Miami-Fort Lauderdale……1.7% increase of new residents in 2011 (U.S. census: Florida cities rebounding)

TALLAHASSEE, Fla. – April 9, 2012 – Characterized over the past several years as a place from which people move, Southeast Florida has seen a new mini-boom in population growth following a decade of contraction, the U.S. Census Bureau reported Thursday.

Between 2010 and 2011, 92,045 residents moved to the Miami-Fort Lauderdale-Pompano Beach area, a 1.7 percent increase – the sixth largest increase in the country, according to data compiled by the Census Bureau in its first major revision to the 2010 Census.

Tampa/St. Petersburg saw the second largest influx of new residents in Florida over the period, with 36,573 pouring into the metropolitan area over the year.

Retirees appear to be coming back, as well. The Villages, a giant retirement community between and Ocala and Leesburg, saw 4.6 percent growth – the second highest growth figure in the nation after the energy boom town of Williston, N.D.

Thursday’s news has brought validation to reports first emerging in December that Florida had population gains for the first time after several years of flat or negative numbers. In a state that relies on construction and sales tax for much of its revenue, the return is expected to have an impact on state and local coffers.

“To us, population is the strongest driver in our economy,” says Amy Baker, coordinator of the Legislature’s Bureau of Economic and Demographic Research. “For us to get well into recovery, we needed to see population growth come back. The statewide data we started seeing in December … now appears to bear that out.”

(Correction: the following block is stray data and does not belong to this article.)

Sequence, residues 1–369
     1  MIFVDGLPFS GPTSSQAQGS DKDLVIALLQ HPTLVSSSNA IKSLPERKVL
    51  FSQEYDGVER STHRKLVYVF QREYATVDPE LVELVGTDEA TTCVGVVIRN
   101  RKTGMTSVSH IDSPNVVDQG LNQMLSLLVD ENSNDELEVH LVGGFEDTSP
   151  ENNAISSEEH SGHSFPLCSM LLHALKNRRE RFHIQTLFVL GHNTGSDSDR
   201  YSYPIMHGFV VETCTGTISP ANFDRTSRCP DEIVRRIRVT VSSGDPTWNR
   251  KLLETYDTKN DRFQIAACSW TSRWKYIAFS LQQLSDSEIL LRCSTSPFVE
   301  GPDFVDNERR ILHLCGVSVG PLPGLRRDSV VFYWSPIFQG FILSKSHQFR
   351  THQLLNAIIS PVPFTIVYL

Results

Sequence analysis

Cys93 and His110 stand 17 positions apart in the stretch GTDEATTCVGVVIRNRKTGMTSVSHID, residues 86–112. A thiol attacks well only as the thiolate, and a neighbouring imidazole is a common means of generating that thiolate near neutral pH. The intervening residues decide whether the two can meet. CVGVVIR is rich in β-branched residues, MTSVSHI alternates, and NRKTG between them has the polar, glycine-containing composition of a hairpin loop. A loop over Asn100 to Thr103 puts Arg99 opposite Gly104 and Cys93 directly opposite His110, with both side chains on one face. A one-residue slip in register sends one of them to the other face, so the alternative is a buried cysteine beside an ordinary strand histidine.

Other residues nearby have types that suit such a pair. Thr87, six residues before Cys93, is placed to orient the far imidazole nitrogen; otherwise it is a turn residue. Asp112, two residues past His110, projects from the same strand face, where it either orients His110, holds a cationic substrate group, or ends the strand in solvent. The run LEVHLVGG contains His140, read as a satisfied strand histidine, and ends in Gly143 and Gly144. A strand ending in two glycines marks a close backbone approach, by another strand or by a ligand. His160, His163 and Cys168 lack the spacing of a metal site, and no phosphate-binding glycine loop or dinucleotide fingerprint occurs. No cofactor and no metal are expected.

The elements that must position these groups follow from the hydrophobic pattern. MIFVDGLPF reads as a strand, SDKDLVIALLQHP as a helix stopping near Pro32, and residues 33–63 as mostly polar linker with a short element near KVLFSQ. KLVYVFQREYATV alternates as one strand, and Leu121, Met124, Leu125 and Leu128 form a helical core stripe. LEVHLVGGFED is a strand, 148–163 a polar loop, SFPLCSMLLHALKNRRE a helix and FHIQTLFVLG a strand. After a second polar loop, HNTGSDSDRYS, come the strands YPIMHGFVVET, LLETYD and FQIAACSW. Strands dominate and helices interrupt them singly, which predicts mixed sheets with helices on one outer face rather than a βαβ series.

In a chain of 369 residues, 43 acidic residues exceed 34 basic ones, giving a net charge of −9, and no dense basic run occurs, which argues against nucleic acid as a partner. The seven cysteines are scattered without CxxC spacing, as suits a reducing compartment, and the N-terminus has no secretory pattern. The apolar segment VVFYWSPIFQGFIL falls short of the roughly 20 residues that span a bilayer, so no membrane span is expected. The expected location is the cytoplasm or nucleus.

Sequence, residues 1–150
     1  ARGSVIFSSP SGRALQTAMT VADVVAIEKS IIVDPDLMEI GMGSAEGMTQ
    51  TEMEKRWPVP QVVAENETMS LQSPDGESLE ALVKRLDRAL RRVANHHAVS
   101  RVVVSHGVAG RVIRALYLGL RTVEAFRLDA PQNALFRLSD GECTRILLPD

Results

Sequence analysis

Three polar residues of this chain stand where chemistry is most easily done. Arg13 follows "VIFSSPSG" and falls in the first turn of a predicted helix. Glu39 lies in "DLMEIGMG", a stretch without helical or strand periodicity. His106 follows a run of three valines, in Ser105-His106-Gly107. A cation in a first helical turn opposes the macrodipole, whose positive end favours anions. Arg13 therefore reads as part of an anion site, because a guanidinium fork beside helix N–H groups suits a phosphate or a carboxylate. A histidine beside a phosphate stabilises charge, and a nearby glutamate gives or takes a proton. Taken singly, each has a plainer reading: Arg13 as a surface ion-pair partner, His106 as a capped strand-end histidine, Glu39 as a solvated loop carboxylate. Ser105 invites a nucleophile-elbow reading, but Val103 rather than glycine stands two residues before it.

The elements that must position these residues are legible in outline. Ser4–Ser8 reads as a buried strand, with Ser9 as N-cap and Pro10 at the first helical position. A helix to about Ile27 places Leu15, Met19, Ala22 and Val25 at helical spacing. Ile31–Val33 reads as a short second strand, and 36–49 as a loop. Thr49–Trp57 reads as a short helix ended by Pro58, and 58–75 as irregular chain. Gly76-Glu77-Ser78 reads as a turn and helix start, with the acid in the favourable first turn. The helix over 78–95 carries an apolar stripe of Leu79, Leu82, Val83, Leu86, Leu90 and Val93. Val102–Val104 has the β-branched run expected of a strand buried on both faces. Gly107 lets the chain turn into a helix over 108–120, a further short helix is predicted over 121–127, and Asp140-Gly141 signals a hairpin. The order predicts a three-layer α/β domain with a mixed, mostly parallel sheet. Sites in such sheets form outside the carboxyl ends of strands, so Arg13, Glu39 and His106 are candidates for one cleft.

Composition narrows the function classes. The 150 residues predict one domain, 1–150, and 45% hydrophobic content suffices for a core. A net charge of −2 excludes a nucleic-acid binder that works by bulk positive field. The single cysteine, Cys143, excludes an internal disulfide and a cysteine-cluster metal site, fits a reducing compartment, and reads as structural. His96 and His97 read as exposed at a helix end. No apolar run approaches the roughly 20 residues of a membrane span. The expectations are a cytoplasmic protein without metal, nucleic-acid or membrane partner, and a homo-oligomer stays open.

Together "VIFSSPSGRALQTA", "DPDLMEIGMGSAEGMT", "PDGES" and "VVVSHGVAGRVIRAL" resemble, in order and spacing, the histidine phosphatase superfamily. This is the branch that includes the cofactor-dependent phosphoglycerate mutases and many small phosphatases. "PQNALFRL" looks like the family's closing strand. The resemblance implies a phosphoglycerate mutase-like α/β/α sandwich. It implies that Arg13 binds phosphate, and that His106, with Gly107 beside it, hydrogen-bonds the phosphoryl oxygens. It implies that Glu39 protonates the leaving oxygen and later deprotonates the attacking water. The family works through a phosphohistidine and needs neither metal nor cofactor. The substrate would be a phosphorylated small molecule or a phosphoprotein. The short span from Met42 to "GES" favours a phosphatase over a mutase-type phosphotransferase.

The census figures released Thursday show a shift in demographics. A number of counties and cities that had runaway growth between 2000 and 2010 fell off the chart after overbuilding and the housing collapse that began in 2007.

Palm Coast, which during the century’s first decade was the nation’s fastest growing metro area, fell to 55th place in the past years as the region continued to suffer from a lack of industry and an economy especially reliant on construction and growth. Between July 2010 and 2011, the region lost about 263 residents.

That town’s loss paled in comparison to Las Vegas, however, which was the third fastest-growing metro area between 2000 and 2010. It fell to 151st place.

“Our nation is constantly changing, and these estimates provide us with our first measure of how much sub-state areas have grown or declined in total population since Census Day, April 1, 2010,” Census Bureau Director Robert Groves said in a statement. “We’re already seeing different patterns of population growth than we saw in the last decade.”

But other Florida cities hit hard in the latter part of the last decade have begun to rebound. Cape Coral, which was near the epicenter of the housing bust in 2008, was ranked 40th among 366 metro areas in terms of growth during the period. Tampa and Orlando also experienced relatively strong growth, the bureau reported.

“It is validating what we had expected to see,” Baker says. “But it is nice to see how well we have ranked against other states, and our cities against other parts of the country.”

In North Dakota, Williston, an oil shale boomtown near the Canadian border, is seeing growth approaching 10 percent.

Texas cities led the list of fast growing areas during the 15 months ending July 1, 2011. Dallas-Fort Worth gained 155,000 while Houston added 140,000 residents during the period.

Source: News Service of Florida, Michael Peltier

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